Mythbusters: LED Dimming

Mythbusters: LED Dimming

Mark Lewin from Zano Conrols helps us bust a few commonly believed myths about dimming.

LED dimming didn’t exactly get off to the best start. Early adopters of LEDs faced a near impossible task when it came to dimming, with terrible lamp tone and incompatible technology combining to create an underwhelming first impression, on installers and clients alike.

Yet, while everyone knows that LEDs have come a long way since those ghastly bright-white downlights, misconceptions are still rife around LED dimming, with many installers still perceiving LED dimmers as inflexible, unreliable or just downright ugly.

Here, we bust a few popular LED dimming myths – from flicker and buzz to mixed loads on a single circuit.

Myth#1: Just use a standard analogue dimmer
Technically, a TRIAC dimmer will dim an LED – but it won’t be pretty. You might luck out and find that at certain levels, the light output is consistent and comfortable, but it’s unlikely to give you the same range as a digital dimmer. This is because TRIAC dimmers operate under a current interruption method that reduces power to the lamp, thereby lowering its light output, while LEDs run on a continuous forward current. That current interruption, which is imperceptible when an analogue dimmer is paired with a Tungsten lamp, becomes visible when twinned with an LED driver.

Besides, does your customer really want to mess around every time they switch on the light to find a level that doesn’t flicker? Probably not.

Myth#2: The label never lies
It’s a contentious subject, but independent testing has found a huge disparity between the wattage listed on an LED’s box and the power it actually consumes. An LED’s inrush current – that surge of energy as a lamp ‘powers up’ – is often not included in the wattage on the label. In our testing lab, we’ve seen lamps regularly double their labelled wattage, with one 12 watt lamp reaching 32 watts.

Aside from misleading consumers over the potential energy reduction of switching to LED, this huge difference in wattage can wreak havoc on your dimming installation. The total wattage of 10 12watt lamps is well within the comfort zone of a 0-300W dimmer, but 10 32watt lamps is a very different story. In this case, it’s not the dimmer causing the problem: it’s the lamp.

“At Zano, all of our LED dimmers can support an unlimited number of lamps as long as the circuit’s combined wattage remains within the recommend amount…”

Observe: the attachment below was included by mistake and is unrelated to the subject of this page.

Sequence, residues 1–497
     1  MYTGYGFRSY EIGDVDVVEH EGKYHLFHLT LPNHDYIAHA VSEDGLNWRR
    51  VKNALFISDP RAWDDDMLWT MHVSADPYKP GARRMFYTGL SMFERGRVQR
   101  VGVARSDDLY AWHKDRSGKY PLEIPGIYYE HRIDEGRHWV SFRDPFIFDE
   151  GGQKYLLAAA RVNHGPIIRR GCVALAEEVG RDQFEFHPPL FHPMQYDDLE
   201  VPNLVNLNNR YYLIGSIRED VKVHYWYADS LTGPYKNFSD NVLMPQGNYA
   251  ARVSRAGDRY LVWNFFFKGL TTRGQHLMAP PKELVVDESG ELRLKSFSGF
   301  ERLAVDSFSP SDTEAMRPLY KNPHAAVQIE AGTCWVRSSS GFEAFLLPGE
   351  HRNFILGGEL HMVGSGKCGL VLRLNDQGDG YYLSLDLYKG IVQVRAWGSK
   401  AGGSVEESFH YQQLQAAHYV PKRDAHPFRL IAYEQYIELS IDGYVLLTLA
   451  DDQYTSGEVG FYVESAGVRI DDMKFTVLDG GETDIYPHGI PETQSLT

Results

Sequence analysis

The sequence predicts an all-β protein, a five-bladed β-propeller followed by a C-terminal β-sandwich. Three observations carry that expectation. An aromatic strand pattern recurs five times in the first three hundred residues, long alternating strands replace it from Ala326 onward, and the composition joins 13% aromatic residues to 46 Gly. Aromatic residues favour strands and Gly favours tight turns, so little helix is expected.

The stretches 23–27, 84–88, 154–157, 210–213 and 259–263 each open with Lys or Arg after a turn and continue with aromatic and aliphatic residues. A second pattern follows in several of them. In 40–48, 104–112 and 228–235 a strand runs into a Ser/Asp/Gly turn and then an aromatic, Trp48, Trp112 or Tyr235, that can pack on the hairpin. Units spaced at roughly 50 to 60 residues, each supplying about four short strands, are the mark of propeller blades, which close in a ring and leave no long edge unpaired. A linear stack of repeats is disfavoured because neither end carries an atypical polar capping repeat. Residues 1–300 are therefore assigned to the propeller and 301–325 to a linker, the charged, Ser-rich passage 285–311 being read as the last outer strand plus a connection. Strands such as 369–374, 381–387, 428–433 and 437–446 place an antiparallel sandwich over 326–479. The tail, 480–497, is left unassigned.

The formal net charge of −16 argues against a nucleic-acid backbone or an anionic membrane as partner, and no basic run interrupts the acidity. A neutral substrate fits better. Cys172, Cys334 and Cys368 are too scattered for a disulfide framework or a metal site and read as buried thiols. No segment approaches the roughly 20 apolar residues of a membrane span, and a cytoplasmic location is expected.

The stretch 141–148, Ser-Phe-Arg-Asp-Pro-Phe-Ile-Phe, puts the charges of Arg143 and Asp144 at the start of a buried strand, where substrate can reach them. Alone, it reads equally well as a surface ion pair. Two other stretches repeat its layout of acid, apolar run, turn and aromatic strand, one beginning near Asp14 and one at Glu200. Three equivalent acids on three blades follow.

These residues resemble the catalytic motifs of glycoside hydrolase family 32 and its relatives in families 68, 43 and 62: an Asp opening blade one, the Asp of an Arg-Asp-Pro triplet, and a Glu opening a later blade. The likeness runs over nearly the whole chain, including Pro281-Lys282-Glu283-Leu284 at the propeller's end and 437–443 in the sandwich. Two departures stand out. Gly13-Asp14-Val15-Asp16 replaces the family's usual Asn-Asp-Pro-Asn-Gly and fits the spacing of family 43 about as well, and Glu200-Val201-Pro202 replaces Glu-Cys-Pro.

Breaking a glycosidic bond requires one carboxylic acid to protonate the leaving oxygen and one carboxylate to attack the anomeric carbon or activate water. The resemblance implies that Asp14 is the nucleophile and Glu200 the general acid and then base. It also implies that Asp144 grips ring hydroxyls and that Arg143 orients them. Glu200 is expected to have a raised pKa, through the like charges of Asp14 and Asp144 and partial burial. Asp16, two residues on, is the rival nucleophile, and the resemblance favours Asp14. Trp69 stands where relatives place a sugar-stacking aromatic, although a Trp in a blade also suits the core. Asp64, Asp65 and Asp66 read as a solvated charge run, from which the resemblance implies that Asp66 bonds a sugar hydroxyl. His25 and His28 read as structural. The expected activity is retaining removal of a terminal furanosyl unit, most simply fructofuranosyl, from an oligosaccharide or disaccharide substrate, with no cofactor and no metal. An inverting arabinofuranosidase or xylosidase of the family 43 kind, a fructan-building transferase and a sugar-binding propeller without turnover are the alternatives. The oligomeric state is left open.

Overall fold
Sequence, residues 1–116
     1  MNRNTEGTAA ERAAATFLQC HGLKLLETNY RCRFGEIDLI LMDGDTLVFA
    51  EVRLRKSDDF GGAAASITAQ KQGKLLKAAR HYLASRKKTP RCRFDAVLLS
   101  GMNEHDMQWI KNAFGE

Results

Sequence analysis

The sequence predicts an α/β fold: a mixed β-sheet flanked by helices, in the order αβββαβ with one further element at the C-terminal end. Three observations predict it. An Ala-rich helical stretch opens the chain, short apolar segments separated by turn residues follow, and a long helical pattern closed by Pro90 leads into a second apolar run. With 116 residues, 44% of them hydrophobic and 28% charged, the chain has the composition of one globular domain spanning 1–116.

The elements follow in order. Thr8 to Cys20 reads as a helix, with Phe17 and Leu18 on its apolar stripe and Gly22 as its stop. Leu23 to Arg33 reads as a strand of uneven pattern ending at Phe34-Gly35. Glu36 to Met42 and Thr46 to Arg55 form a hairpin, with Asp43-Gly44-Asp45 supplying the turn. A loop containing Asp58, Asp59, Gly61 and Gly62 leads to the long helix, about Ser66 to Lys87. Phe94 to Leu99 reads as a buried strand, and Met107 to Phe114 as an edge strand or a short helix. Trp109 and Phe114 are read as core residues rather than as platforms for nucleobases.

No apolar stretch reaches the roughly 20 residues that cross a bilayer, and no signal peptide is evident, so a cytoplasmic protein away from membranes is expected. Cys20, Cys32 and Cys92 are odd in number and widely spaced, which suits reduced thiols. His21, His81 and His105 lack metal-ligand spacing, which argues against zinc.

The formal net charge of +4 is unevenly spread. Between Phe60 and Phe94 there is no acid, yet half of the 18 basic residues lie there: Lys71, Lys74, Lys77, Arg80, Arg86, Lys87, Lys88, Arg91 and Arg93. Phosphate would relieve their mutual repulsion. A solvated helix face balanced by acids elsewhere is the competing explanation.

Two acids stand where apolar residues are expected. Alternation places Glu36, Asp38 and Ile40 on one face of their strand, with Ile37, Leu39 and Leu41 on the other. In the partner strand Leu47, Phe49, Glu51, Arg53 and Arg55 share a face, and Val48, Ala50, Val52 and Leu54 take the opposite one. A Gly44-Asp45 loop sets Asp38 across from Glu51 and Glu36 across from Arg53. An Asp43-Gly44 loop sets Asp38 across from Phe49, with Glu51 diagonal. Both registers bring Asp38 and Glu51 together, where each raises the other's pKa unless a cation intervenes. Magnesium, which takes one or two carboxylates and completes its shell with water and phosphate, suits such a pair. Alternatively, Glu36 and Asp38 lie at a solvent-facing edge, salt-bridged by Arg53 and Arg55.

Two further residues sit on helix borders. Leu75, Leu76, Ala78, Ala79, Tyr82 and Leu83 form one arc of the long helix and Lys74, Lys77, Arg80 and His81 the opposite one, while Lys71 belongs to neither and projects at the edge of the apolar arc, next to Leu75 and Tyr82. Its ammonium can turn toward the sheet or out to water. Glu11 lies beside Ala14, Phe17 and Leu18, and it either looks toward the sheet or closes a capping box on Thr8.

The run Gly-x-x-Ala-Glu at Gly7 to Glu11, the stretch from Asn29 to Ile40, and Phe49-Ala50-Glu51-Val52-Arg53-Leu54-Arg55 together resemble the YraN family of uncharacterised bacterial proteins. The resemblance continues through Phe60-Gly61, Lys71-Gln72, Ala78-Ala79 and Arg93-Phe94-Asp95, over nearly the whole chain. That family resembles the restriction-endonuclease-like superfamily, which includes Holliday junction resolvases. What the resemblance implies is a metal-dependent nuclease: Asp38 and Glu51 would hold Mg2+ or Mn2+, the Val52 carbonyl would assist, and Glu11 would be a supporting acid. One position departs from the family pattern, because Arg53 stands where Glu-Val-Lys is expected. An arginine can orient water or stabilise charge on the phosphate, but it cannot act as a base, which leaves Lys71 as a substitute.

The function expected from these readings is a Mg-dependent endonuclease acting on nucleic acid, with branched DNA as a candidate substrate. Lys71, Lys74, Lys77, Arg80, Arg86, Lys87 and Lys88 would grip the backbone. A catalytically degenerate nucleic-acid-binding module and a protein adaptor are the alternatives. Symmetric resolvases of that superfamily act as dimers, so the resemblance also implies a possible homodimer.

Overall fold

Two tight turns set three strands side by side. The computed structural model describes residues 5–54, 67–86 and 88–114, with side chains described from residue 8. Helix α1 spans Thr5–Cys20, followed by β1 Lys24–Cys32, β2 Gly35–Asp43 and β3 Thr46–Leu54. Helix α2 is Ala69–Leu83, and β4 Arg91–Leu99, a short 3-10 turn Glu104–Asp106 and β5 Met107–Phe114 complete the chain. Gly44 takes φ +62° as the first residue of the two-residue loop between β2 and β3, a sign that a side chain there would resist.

Myth#3: You can only dim 10 lamps on an LED dimmer
Many LED dimmers will only support a limited number of lamps, regardless of the total wattage of the installation. A lot of early LED dimmers capped this number at 10, and this figure seems to have stuck in the minds of LED installers, with many still believing that more than 10 lamps will require a second, or potentially bespoke, dimmer to be added to the circuit.

Yet there’s no longer any real reason for a limited number of lamps, as long as the right technology is used. At Zano, all of our LED dimmers can support an unlimited number of lamps as long as the circuit’s combined wattage remains within the recommend amount; ie, under 1000W for the ZBARLED0-1000W.

Zano Controls-pic-2

Myth#4: You can’t mix incandescent and LED loads
This is a tricky subject, because in many ways LED and incandescent loads don’t mix. That said, they’re not entirely incompatible on a dimmable circuit, depending on the lamps and dimmer used. A digital LED dimmer designed to support a large LED load, like the ZBARLED 0-1000W, can be used to dim LED and incandescent on a single circuit. In theory, as long as the overall wattage of the LEDs and incandescent lamps combined – factoring in drivers and in-rush current – doesn’t exceed the dimmers limit, the two technologies can be paired on a single circuit.

Myth#5: Low level dimming is always a nightmare
One of the queries our technical team deal with most frequently is dimming at low levels. Many off-the-shelf dimmers have a dimming range of 10W+, which might be fine for a circuit of six 4W downlights in a sitting room, but can’t support lower loads. Electricians often encounter dimming issues with smaller LED circuits, such as an en-suite bathroom or a small hallway, which at their lowest levels can easily dip below 10W, causing the lamps to flicker or simply drop out.

While it’s seen as an unavoidable problem, there’s actually a simple solution: just look for a dimmer that allows installers to adapt the load accordingly. Zano’s ZBAR products start at 0W: perfect for those tricky low loads.

Zano Controls-pic-3

Myth#6: Flicker and buzz is unavoidable
Some installers might accept a slight flicker or a bit of buzzing at certain levels as part of their dimming installation: don’t be one of them. There’s no reason that, with a good quality lamp and a digital dimmer, an LED install should flicker or buzz. For the end user it’s more than irritating, with prolonged exposure to LED flicker causing various problems, from headaches to eye strain.

Some lamps just aren’t able to support a full dimming range and will produce flicker at either high or low levels, but you don’t need to put up with it. Either switch to lamps with a better performance or fit a dimmer that allows you to set minimum and maximum level presets yourself (and save your client fiddling around trying to find a comfortable level after you’ve left the job).

For more information visit:

Related posts